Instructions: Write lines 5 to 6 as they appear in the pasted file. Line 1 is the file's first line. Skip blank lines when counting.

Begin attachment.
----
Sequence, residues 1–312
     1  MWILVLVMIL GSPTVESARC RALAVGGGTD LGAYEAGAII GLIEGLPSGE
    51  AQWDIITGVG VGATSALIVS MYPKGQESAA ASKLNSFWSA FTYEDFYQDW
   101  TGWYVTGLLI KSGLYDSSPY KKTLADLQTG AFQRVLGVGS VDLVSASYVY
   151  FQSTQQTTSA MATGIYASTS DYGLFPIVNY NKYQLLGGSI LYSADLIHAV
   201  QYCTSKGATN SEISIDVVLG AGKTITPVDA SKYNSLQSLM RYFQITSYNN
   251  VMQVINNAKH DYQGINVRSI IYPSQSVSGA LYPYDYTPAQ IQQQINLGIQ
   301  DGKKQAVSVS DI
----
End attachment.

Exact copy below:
   151  FQSTQQTTSA MATGIYASTS DYGLFPIVNY NKYQLLGGSI LYSADLIHAV
   201  QYCTSKGATN SEISIDVVLG AGKTITPVDA SKYNSLQSLM RYFQITSYNN